The nexus of COVID-19 resurgence in various states and the ongoing consolidation of third-party services like Uber Eats and Gruhub comes at a particularly inopportune time for restaurants.
Whether it’s QSR giants like McDonald’s—which recently halted dining room reopenings—or independent eateries, all will be more dependent on to-go-only business and its related expenses.
For independent restaurants, it’s an “excruciatingly more difficult” time, says Na’ama Moran, co-founder and CEO of Cheetah, the San Francisco-based food ecommerce platform.
On the big-get-bigger side of the third-party ordering/delivery scene, Uber Eats parent Uber Technologies this week announced its intention to acquire Postmates for $2.65 billion. That came on the heels of news that Grubhub will merge with Just Eat Takeaway.
Despite their considerable scale, big QSRs have been struggling with limited menus, the added expense of to-go meal packaging and third-party fees during the pandemic.
While chains like McDonald’s have long relied on several third-party services, others are still experimenting—particularly those for whom delivery hasn’t been a big priority.
Darden Restaurants—whose holdings include Olive Garden, LongHorn Steakhouse, Yard House and The Capital Grille—recently tried third-party delivery for Yard House, but isn’t convinced it makes financial sense.
“Our own to go-business actually grew faster than the third-party business in those restaurants,” Darden CEO Gene Lee told analysts on a June 25 conference call.
“Now, as we've said all the time, that can change…if we see that those margins are equal to what we do today. Then maybe we'll go into the third-party model.”
Profit margins have become more of a focus for companies like DoorDash, Grubhub and Uber Eats because many cities have begun to cap commissions—generally in the 20% to 40% range—that they charge restaurants. In May, New York limited third-party delivery service fees to 15% per order.
“There is already a lot of government pressure on these platforms’ commissions, which is very likely what’s also driving this consolidation,” says Cheetah’s Moran. “I think if they are left to their own device, they will get worse because they need to monetize what is a very expensive infrastructure.”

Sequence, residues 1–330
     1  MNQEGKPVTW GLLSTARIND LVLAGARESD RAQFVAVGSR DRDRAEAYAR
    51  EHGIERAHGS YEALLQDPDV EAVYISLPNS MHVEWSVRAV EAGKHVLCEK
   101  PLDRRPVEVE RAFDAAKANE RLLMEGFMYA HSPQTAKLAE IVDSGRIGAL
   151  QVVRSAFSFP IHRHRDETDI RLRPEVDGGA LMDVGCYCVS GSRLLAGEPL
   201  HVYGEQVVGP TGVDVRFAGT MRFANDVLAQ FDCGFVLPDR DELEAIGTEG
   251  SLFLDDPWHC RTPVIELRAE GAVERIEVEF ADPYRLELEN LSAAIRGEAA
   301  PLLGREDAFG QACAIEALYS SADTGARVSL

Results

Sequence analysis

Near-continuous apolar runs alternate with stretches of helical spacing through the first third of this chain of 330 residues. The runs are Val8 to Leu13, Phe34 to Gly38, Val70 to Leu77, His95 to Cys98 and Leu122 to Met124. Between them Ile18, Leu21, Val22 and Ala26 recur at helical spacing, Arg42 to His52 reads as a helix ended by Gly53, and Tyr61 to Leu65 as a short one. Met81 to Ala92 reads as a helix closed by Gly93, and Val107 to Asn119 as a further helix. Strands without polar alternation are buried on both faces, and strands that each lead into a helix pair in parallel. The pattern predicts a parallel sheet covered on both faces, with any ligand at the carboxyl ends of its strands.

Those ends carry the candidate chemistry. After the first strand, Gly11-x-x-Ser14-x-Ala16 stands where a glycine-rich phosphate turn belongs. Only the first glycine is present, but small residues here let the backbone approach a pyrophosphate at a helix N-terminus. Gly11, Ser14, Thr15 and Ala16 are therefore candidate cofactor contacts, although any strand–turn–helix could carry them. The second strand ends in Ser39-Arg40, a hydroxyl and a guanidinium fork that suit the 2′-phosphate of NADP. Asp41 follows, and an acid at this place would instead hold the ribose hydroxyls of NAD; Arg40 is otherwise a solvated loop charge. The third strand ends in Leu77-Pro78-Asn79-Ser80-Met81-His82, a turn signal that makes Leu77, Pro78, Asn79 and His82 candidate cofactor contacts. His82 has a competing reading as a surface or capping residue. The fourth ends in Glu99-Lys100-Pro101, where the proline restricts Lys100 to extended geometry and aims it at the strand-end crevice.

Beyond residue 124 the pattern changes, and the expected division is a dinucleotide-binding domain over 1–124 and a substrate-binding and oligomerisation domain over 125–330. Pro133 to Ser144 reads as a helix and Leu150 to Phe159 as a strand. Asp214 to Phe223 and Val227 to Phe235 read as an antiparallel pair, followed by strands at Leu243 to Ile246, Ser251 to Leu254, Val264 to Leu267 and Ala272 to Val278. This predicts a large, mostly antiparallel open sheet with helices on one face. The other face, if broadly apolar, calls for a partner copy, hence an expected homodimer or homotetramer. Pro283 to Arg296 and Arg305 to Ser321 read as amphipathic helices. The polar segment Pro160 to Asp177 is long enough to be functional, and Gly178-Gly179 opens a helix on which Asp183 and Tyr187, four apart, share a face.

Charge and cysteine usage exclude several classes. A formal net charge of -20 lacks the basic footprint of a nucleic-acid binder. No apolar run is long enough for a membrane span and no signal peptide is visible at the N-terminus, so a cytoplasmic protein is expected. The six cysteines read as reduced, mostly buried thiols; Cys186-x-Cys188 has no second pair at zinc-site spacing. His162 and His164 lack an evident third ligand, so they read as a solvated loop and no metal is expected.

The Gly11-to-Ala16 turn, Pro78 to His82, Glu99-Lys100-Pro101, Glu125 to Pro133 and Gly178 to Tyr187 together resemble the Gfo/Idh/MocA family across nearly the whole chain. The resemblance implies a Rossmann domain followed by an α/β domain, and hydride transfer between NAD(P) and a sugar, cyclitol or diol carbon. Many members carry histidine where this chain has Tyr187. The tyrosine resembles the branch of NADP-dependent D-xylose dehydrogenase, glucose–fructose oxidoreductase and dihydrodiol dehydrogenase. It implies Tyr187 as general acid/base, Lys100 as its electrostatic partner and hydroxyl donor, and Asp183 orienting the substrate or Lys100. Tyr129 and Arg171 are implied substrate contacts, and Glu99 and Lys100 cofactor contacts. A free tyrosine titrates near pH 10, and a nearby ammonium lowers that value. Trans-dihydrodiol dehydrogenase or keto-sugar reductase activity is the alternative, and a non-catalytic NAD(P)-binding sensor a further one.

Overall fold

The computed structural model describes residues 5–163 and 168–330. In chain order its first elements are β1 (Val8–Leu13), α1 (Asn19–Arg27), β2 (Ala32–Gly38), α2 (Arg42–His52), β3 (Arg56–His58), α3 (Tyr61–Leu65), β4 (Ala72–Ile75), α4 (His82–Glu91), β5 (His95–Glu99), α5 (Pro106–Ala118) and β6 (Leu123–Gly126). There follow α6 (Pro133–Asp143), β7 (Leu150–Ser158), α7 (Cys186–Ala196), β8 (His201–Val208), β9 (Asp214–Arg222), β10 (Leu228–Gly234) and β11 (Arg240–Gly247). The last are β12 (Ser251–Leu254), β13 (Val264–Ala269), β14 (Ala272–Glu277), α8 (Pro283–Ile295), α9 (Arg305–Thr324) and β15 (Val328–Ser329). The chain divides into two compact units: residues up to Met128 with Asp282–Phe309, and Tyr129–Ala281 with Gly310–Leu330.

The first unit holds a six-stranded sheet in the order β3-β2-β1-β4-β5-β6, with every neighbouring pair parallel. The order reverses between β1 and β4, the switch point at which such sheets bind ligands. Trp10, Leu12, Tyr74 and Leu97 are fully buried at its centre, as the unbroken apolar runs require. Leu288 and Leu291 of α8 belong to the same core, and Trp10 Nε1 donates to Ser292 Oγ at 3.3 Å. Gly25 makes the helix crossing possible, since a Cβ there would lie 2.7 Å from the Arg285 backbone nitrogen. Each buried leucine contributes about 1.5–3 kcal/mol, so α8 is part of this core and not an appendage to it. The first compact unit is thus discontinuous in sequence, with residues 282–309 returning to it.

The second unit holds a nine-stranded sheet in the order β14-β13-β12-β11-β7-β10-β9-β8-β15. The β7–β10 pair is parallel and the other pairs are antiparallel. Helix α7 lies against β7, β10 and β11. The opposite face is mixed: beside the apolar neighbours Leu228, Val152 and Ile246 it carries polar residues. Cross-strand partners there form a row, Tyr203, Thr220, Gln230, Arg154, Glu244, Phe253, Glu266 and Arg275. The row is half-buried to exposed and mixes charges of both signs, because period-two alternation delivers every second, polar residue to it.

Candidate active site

About five years ago, Cheetah was launched to provide food and supplies to independent restaurants for next-day delivery. When the pandemic set in and restaurants began to shut down, the company began selling its goods to consumers via the Cheetah For People mobile app.
Now, Cheetah is enabling restaurants to offer prepared food for delivery without charging the typical delivery commission—just a 3% credit card fee.
“We don’t take any fees from the restaurants because we are pre-monetized by selling restaurants their ingredients,” says Moran.
Cheetah is experimenting with offering plans through which people could order multiple meals for more than just one day.
“This is a much better option for restaurants, because it gives them predictability over inventory,” says Moran. “I think this is part of the transformation of restaurants that we are looking to support and accelerate.”
Consumer research from Frank N. Magid Associates shows many people were hesitant to return to in-house dining at cafes, bars and restaurants even before the new resurgence of COVID-19 infections.
Magid conducted two online surveys of 2,000 respondents ages 18+ between April 7 and June 7. More than half of those surveyed agreed strongly/somewhat with eight statements regarding the potential for becoming infected.
The biggest concern—cited by 62%—was shared public bathrooms, followed by not trusting others to wear masks (58%), a limited amount of indoor physical space (57%) and the perception that “dining at restaurants creates an environment for spreading the coronavirus,” cited by 56%.